“We [the scientific community] can benefit from better understanding the context under which protein molecules are folding in vivo. We can use biology as a source of inspiration to improve existing methods that perform structure prediction.”

    Hence came the idea to look at biology and search for inspiration. [Side note: It is my personal belief that there should be a back and forth process, a communication, between computational methods and biology. Biology can inspire computational methods, which in turn can shed light on biological hypotheses that are hard to validate experimentally]

    To direct the search for biological inspiration, it was paramount to understand the limitations of current prediction methods. I have narrowed down the limitations of de novo protein structure prediction approaches to three major issues:

    1- The heuristics that rely on sampling the conformational space using fragments extracted from know structures will fail when those fragments do not encompass or correctly describe the right answer.

    2- Even when the conformational space is reduced, say, to fragment space, the combinatorial problem persists. The energy landscape is rugged and unrepresentative of the actual in vivo landscape. Heuristics are not sampling the conformational space efficiently.

    3- Following from the previous point, the reason why the energy landscape is unrepresentative of the in vivo landscape is due to the inaccuracy of the knowledge-based potentials used in de novo structure prediction.

    Obviously, there are other relevant issues with de novo structure prediction. Nonetheless, I only have a limited amount of time for my D.Phil and those are the limitations I decided to focus on.

    To counter each of these offsets, we have looked for inspiration in biology.

    Our understanding from looking at different protein structures is that several conformational constraints are imposed by alpha-helices and beta-strands. That is a consequence of hydrogen bond formation within secondary structure elements. Unsurprisingly, when looking for fragments that represent the correct structure of a protein, it is much easier to identify good fragments for alpha-helical or beta-strand regions. Loop regions, on the other hand, are much harder to be described correctly by fragments extracted from known structures. We have incorporated this important information into a fragment library generation software in an attempt to address limitation number 1.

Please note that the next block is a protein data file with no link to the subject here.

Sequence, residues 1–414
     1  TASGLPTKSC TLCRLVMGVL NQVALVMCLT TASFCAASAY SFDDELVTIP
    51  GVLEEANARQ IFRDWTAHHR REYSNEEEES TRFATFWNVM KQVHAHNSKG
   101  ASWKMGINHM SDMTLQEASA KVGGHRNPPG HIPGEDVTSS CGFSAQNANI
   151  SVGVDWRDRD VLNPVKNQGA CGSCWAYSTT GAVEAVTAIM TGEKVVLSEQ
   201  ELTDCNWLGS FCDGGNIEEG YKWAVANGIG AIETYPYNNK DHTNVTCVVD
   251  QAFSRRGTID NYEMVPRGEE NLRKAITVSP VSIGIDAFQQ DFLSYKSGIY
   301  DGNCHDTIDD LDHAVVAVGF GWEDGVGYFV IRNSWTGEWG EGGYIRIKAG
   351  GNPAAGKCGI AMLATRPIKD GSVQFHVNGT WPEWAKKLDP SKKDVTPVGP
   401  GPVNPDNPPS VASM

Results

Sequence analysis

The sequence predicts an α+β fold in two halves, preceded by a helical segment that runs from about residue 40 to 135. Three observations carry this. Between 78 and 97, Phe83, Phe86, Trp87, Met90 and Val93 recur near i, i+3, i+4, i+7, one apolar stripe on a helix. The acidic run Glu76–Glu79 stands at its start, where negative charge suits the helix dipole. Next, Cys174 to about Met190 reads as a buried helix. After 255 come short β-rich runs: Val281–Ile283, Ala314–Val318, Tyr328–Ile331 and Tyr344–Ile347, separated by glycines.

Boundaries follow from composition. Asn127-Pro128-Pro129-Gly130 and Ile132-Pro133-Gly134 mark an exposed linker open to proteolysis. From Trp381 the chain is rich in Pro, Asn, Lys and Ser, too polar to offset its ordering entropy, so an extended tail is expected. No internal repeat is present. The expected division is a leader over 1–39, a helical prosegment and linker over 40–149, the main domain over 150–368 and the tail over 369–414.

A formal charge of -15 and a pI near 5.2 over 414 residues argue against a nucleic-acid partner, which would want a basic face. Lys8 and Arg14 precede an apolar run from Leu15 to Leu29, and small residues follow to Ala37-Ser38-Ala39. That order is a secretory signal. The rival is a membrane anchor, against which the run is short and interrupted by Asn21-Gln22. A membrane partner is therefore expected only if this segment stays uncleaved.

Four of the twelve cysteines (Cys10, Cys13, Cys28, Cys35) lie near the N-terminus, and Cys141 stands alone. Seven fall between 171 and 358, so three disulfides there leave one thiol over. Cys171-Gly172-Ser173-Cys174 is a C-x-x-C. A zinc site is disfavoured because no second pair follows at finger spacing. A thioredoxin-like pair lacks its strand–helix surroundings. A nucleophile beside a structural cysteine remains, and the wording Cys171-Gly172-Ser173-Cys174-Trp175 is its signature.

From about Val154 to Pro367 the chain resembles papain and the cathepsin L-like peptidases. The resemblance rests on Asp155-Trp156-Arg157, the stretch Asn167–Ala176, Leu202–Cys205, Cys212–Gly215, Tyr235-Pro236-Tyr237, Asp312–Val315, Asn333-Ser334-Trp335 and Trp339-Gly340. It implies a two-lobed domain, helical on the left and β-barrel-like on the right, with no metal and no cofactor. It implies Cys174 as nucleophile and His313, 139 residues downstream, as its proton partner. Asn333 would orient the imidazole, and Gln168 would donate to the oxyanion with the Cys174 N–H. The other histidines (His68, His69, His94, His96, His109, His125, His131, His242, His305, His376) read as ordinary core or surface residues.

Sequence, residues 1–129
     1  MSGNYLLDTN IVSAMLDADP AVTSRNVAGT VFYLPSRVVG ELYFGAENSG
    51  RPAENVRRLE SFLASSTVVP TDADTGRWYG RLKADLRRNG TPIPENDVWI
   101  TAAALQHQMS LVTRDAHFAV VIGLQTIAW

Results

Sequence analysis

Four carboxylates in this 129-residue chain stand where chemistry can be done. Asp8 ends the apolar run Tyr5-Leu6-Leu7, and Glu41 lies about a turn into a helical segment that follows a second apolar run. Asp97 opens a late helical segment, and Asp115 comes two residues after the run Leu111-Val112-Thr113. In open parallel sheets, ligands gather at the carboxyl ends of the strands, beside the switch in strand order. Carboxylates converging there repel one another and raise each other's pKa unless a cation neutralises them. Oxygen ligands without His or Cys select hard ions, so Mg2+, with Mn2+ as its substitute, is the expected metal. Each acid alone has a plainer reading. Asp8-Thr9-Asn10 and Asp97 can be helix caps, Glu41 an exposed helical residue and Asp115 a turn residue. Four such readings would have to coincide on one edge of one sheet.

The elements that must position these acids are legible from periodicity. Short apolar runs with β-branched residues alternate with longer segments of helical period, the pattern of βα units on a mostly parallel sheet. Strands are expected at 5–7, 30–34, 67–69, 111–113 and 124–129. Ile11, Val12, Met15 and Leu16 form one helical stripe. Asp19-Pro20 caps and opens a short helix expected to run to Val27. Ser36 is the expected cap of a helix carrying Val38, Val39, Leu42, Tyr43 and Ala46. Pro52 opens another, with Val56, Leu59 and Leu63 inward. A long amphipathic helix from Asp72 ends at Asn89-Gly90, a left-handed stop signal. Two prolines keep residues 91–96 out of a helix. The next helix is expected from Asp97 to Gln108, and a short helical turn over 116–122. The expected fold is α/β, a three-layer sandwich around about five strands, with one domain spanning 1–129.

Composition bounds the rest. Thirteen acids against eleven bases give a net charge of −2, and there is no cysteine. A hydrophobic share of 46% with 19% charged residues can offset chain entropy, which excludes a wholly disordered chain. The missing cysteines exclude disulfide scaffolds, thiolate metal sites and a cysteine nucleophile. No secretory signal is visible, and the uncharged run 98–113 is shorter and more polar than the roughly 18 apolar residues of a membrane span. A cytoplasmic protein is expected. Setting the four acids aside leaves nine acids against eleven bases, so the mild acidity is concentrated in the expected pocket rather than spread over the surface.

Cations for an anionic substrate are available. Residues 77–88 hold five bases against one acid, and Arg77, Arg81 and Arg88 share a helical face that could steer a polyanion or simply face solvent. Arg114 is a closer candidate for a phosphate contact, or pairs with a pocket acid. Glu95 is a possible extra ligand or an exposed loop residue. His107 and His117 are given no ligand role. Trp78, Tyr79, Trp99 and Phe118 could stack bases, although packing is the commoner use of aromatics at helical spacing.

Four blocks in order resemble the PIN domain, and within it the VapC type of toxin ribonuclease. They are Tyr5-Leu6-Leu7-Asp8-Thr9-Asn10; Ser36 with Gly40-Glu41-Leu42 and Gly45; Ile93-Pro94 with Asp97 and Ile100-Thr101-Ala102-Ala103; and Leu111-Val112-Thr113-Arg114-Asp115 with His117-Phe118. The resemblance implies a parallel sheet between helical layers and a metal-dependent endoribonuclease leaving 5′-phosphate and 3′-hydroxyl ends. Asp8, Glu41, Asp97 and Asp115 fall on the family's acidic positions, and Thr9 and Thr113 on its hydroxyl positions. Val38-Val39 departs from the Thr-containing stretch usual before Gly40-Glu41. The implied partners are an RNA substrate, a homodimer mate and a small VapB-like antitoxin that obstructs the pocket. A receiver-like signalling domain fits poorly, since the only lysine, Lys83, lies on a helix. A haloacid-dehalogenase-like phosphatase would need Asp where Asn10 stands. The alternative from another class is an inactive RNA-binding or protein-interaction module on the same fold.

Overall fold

We have investigated the applicability of a biological hypothesis, cotranslational protein folding, into a structure prediction context. Cotranslational protein folding is the notion that some proteins begin their folding process as they are being synthesised. We further hypothesise that cotranslational protein folding restricts the conformational space, promoting the formation of energetically-favourable intermediates, thus steering the folding path towards the right conformation. This hypothesis has been tested in order to improve the efficiency of the heuristics used to search the conformational space.

    Finally, following the current trend in protein structure prediction, we used evolutionary information to improve our knowledge-based potentials. Many methods now consider correlated mutations to improve their predictions, namely the idea that residues that mutate in a correlated fashion present spatial proximity in a protein structure. Multiple sequence alignments and elegant statistical techniques can be used to identify these correlated mutations. There is a substantial amount of evidence that this correlated evolution can significantly improve the output of structure prediction, leading us one step closer to solving the protein structure prediction problem. Incorporating this evolution-based information into our routine assisted us in addressing the lack of precision of existing energy potentials.